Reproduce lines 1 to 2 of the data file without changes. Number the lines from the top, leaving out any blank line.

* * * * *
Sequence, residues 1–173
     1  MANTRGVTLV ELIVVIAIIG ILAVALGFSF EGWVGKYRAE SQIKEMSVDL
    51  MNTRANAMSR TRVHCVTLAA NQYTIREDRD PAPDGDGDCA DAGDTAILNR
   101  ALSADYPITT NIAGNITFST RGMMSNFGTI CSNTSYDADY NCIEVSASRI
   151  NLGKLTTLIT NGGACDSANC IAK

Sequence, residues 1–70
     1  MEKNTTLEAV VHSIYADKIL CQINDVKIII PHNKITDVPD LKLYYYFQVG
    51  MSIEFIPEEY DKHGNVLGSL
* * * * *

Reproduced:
Sequence, residues 1–173
     1  MANTRGVTLV ELIVVIAIIG ILAVALGFSF EGWVGKYRAE SQIKEMSVDL